For insurers who seek business opportunities in the social media sphere, we may easily have the spectacle of a customer who wants his personal information kept private by the insurer on one hand, while the same individual is spewing forth such data indiscriminately elsewhere. If the customer is “exposing” his own information, does that take the insurer off the hook if something bad happens related to that information? These are the kinds of questions that judges and juries will increasingly have to decide as exhibitionism battles privacy in the world of commerce and in the daily lives of many.
NetProspex, an online business contact service, just released its Fall 2010 Social Business Report, which analyzed its database of 2 million participants to assess company affiliations, industry affiliations, professions and regions.
The good news is that the insurance industry made the top 50 list in terms of social networking-savvy industries. The bad news is that it was ranked number 42 on the list, behind restaurants and sports teams, and just ahead of debt collection and hair salons. For what should be a highly social industry, the insurance industry has some work to do in raising its profile among social networks.
According to (a recent) blog posting, the company makes the point that with the emergence of social networks, shareholders will expect companies to use such services to evaluate new and existing hires and reduce the liability of the company from lawsuits, damage to reputation, etc.
Is your company considering implementing an automated system for underwriting life insurance? Don't miss the recently completed study sponsored by the Marketing and Distribution, Product Development and Reinsurance Sections, along with the Committee on Life Insurance Research, examining the role of automated underwriting systems in a number of companies.
The report, authored by Deloitte Consulting, addresses: How and why companies are using automation to make underwriting decisions; the impact of utilizing these systems on operational efficiency, sales and retention; the quality of risk selection produced by automated systems; cultural acceptance of increased automation in systems; and challenges insurers overcome to implement and maintain these systems.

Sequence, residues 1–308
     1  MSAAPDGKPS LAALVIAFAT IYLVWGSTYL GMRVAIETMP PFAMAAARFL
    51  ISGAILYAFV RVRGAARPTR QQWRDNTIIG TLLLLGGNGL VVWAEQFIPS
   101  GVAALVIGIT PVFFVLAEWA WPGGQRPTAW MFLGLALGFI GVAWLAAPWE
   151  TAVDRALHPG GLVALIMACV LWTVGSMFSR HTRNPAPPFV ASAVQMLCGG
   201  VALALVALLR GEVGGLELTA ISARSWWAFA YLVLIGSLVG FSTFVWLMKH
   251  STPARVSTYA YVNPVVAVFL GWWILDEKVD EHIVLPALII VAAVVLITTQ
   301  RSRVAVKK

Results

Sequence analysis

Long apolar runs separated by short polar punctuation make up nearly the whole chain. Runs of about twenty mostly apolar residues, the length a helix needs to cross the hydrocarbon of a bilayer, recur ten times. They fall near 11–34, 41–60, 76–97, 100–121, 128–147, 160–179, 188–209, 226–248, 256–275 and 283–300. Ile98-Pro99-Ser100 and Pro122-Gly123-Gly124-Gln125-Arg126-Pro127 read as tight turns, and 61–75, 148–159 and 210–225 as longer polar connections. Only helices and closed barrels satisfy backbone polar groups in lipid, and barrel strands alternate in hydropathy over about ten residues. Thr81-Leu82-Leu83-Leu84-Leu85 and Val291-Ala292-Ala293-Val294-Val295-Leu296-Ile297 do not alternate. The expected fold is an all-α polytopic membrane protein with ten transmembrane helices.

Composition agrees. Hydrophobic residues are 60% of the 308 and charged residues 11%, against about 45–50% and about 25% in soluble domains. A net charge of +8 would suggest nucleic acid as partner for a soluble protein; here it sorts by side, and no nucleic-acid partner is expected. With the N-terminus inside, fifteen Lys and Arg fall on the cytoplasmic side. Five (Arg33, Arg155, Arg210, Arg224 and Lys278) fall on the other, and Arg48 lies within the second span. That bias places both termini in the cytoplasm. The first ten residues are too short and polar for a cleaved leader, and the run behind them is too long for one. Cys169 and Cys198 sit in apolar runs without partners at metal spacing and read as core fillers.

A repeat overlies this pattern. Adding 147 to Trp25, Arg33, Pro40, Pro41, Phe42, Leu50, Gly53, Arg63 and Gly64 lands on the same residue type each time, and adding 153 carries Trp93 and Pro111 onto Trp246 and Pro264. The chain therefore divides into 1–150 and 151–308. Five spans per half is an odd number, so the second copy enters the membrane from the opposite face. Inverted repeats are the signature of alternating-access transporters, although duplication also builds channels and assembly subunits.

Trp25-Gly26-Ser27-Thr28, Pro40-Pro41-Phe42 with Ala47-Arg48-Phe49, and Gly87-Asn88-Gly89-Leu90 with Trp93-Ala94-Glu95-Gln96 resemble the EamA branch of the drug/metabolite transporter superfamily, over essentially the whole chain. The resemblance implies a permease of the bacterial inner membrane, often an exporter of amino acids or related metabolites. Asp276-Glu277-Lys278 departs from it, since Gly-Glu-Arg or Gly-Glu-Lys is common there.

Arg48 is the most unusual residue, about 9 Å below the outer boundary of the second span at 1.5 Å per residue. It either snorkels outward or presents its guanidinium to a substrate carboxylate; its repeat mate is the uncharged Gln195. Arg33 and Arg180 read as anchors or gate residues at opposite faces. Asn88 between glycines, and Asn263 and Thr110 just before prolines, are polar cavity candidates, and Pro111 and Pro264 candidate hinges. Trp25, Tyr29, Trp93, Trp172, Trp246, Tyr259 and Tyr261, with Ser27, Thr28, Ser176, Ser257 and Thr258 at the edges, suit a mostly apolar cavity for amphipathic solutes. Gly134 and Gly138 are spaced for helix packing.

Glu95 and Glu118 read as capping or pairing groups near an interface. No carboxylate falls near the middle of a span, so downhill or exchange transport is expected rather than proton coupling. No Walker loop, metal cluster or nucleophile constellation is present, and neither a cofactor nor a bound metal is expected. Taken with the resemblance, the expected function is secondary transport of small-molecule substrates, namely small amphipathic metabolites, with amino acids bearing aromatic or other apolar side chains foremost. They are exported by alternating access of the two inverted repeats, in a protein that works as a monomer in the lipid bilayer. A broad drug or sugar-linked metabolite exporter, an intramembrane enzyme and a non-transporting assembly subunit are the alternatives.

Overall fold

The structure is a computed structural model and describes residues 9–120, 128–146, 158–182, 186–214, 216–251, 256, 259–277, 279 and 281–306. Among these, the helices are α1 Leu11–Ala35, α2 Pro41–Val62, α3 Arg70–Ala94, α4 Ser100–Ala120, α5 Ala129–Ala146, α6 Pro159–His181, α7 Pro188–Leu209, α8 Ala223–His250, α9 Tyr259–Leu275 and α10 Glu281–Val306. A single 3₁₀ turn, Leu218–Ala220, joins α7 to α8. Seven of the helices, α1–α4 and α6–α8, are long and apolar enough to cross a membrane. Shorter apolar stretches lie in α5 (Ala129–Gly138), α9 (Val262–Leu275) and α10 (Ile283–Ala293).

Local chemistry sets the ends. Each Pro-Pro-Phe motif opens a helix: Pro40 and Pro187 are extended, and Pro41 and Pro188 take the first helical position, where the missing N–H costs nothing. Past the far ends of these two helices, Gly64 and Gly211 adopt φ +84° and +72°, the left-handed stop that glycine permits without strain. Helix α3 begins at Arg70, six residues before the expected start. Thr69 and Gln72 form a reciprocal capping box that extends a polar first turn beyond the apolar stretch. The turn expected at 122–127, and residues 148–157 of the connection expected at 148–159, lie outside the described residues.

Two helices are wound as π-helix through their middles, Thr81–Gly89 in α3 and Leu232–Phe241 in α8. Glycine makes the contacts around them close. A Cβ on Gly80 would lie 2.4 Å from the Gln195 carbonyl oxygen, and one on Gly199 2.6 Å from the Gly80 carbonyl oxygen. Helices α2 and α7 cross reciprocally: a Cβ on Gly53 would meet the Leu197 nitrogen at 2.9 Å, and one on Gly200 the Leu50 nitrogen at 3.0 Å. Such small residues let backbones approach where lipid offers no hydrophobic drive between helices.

With the advent of the Affordable Care Act (ACA)—the massive health care reform act passed earlier this year—health insurers also face major technology investments to keep up with new rules. As a new report in The New York Times puts it: “insurers are cutting administrative staff to lower overhead costs, investing in big technology upgrades and training employees to field the expected influx of customer inquiries.”
The financial crisis gave pause to many technology investment plans, but 2010 has seen vigorous interest in core system replacement in the general insurance industry. But a perennial problem of poor back office systems remains. As the saying goes, there are many ways to skin the legacy modernization program. These include: outsourcing, upgrading to a current version, replatforming, wrapping /extending, or the ever popular approach of rip-and-replace.
A new study of IT spending trends seems to indicate that the departure of these bad times is not yet imminent.
According to the “IT Spending and Staffing Benchmarks 2010/2011” study just released by Computer Economics, there has been no recovery yet in terms of IT operational spending. The study is based on a survey of more than 200 IT executives conducted in the first quarter of 2010, and includes individual chapters for 16 commercial and government sectors, including insurance.
Object-oriented programming, CRM, SEMCI, straight-through processing, SOA, cloud computing … the list of hot topics in the insurance computer technology world seems endless. Then again, if we didn’t have some titillating tech topic to talk about, what would we do for education sessions at our conferences?
Given the growing exodus of boomers from insurers’ ranks in favor of retirement, many insurers continue to ponder how they will answer this question. Every year, analysts and the media who study the industry invariably issue a new report that laments the aging insurance and insurance IT professional workforce. It’s a very real and serious business problem.
We’ve now reached a point where technology delivery has clearly outpaced insurers’ technology acceptance.
Business intelligence (BI) is all the rage these days, with vendors touting solutions to gather and analyze information about our companies and our customers to help us make better decisions. In this continually flaccid economy, it seems obvious that this should be a priority for insurers, but a recent survey indicates carriers just aren’t getting the job done when it comes to BI.